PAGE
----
Originally a little sqaure with a music & coffee house called “Kawiaret,” construction on the Crooked House began January 2003 and finished December of that same year.
While the Crooked House was inspired by Szancer’s illustrations and Dahlberg’s drawing, architect Zaleski also modeled the building’s exterior on Monciak’s promenade style. The floors refer to cornices and floors of other neighboring buildings. And colorful stained glass entrances, stone elevation decors, and windows framed with standstone make an impression. The unusual roof is covered with sheet metal and enamel roof tiles in green, sea blue, and Parisian blue colors to create an illusion of dragon scales.
More can be read on the details that make up the Crooked House along with photos at The World According to Google.
Related: Satyry, illustrations by Jan Marcin Szancer
So, Gilding is getting ready for the next stage in her life–University Life. As of now the exact university has not been chosen, but research so far is putting a heavy lean towards University of Florida (Oh, how Daddy Gilding is going to have a heart attack when he finds out. Saying he’s not a Gator fan would be an understatement. We take football in the Southeast very seriously.)
And now Gilding has begun the arduous process of seeking scholarship and saving money to pay for this new era of study. So be a doll and and vote for her photograph on Brickfish. No form to fill out or information to be given, just click “Vote for this entry” and all is done. The image to the left is the photograph that Gilding has submitted to the contest. When you vote for Gilding’s entry you will find a description of the meaning behind the photograph.
Gilding loves all her readers. Especially the ones who go and vote for her entry. Remember, with one click you are helping to pay for this bright young student’s education. Sappy enough for you .^_~.
Nothing like being invited in by the beauty of this delicate ceramic sculpture only to be greeted by two fragile arms suddenly jutting out from the bed of glazed petals with their hands performing a lude chinking gesture at you. Such a poetic statement.
White Measures 2006 by ceramic artist Ann-Louise Gustavsson.
[Note: a chink is a fissure or narrow opening, such as in a wall. Famously used in Shakespeare's "A Midsummer's Night's Dream" , a brilliantly written, hilarious play-within-a-play, in which one rustic lover woos another through a hole in a wall: "Thou wall, O wall, O sweet and lovely wall. Show me thy chink, to blink through with mine eye!" At the end of the play, this affair is poked fun of in a vulgar manner, complete with lude gesture suggesting a vagina and a penis; the chink then takes on the suggestion of a "glory hole."]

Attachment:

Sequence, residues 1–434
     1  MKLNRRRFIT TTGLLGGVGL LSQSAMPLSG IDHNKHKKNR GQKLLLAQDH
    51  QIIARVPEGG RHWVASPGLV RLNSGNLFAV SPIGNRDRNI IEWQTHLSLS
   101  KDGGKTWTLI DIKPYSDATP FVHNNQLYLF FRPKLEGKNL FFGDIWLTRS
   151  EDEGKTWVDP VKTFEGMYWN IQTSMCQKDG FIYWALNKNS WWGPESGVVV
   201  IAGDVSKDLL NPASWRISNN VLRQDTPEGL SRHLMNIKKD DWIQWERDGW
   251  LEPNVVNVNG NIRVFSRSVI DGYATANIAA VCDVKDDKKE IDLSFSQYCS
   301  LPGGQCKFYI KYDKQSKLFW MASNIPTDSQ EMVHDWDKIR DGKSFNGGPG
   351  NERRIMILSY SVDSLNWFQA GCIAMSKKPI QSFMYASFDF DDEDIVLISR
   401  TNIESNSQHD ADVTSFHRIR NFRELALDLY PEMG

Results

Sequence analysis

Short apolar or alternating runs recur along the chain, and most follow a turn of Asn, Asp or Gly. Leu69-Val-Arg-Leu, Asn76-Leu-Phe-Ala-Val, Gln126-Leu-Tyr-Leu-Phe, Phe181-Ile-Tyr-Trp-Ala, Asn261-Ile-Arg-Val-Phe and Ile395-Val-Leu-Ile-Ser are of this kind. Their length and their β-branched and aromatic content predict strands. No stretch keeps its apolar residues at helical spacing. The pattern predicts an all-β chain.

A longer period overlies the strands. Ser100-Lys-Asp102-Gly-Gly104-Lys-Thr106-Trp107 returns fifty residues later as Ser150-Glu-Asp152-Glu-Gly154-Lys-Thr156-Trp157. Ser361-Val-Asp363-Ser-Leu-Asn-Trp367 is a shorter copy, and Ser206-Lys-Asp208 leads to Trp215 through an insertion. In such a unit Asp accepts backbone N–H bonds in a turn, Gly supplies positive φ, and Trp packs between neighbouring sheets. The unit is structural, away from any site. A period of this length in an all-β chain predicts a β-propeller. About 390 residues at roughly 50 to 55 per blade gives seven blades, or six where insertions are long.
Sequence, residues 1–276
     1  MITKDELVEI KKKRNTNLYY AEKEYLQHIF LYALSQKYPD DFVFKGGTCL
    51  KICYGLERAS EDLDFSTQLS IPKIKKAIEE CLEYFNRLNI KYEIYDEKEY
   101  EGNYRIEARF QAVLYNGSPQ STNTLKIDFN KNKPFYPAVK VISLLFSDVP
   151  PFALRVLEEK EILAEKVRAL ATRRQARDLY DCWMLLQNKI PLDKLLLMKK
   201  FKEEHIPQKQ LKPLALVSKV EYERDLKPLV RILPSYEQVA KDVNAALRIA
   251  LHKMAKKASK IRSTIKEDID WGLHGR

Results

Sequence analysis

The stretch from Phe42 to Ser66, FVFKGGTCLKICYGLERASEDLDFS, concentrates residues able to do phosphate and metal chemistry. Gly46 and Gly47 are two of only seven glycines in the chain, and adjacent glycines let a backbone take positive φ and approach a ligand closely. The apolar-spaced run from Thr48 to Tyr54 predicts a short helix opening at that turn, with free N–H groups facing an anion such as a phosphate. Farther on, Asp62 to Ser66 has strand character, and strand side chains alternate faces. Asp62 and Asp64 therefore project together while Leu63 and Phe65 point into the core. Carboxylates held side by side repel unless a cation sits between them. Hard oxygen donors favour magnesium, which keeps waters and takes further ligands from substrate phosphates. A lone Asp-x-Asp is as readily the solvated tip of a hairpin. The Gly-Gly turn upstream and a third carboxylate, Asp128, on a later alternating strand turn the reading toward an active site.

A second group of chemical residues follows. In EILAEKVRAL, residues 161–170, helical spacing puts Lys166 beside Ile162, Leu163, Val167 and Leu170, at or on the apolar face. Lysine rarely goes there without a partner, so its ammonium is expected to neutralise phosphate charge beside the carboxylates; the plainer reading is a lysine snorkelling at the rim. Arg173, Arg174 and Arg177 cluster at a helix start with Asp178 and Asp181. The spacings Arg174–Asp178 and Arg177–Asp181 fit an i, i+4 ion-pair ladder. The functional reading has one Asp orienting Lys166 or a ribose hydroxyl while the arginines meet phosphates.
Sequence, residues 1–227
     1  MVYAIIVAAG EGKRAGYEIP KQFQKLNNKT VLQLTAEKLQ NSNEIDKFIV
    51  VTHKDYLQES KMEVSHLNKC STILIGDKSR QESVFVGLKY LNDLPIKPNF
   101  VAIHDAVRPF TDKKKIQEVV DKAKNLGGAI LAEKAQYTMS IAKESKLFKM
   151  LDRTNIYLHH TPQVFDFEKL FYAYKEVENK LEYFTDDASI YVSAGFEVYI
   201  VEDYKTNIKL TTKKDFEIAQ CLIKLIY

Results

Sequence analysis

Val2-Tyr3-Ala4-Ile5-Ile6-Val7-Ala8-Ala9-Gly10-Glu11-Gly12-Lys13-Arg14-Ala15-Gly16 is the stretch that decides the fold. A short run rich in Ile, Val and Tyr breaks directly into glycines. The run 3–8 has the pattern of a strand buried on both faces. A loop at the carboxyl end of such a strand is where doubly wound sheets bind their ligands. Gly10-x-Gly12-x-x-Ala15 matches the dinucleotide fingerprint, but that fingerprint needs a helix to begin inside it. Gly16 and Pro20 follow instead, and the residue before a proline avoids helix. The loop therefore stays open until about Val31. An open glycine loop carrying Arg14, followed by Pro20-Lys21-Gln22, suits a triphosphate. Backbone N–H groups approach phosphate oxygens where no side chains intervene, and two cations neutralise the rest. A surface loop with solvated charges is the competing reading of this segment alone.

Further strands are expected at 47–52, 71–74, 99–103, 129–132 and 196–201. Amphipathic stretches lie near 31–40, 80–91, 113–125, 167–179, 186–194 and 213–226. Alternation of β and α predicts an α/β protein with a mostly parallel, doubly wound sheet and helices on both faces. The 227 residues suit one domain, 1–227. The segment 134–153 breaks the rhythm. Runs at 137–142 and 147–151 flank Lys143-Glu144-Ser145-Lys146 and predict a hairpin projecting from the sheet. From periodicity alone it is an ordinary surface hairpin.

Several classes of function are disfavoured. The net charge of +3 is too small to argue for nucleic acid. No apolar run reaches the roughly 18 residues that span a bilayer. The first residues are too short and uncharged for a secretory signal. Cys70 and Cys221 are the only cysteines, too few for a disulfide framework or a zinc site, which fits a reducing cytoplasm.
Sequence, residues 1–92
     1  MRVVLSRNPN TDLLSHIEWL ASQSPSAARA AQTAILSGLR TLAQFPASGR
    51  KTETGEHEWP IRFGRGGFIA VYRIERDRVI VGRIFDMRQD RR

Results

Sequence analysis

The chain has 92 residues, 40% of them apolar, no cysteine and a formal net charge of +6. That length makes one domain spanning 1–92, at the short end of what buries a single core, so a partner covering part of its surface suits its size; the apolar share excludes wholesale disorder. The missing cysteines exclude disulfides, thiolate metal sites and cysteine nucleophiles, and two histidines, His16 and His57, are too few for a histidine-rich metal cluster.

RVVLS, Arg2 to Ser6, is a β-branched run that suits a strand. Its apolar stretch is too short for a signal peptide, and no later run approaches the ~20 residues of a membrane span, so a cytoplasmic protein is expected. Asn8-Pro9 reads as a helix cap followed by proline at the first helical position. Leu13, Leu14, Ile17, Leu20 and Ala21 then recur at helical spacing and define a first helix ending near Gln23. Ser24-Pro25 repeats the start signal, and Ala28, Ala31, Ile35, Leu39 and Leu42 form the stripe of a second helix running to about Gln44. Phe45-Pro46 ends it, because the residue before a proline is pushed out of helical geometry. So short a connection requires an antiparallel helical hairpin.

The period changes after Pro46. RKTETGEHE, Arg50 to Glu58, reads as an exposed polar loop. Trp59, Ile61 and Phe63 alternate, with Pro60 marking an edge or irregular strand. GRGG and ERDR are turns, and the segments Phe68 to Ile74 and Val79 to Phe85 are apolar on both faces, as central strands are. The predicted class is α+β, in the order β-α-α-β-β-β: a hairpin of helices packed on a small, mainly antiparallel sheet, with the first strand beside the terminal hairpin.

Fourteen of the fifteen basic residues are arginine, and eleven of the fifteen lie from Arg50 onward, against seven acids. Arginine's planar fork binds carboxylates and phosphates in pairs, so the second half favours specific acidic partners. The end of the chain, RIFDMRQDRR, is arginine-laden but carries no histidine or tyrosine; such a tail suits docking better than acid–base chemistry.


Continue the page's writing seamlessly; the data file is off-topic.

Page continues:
Link: Ann-Louise Gustavsson
Customize your own duvet. Sure you could learn how to sew and embroider to make your own duvet, but why go through that hassle when you could customize a duvet through inmod Design Studio. Simply choose the fabric of your choice, from cotton to silk dupioni and a few other options in between, select from one of several modern design patterns, take a peek at their recommended congifurations if you need inspiration, and then tinker away. Choose from a variety of colors for your duvet’s base and embroidery colors, and if the mood so strikes you, add a splash of that color to your virtual room just to see how great your newly created, expensive, duvet will look on your bed.
Actually, each pattern contains various levels of detail, each level available in the unique color of your choosing. The price of a custom created duvet is dependent upon the size of your particular duvet, the fabric you have it made from, and the amount of embroidery required to create it. Prices range between $125-$900.
Link: inmod Design Studio
By the Dutch Design group Tjep for Droog and Barry Friedman Ltd., The Chair of Textures is Tjep’s contribution to the project Smart Deco, an architectural experiment realized for the Dutch Architectural Institute’s House of Textures.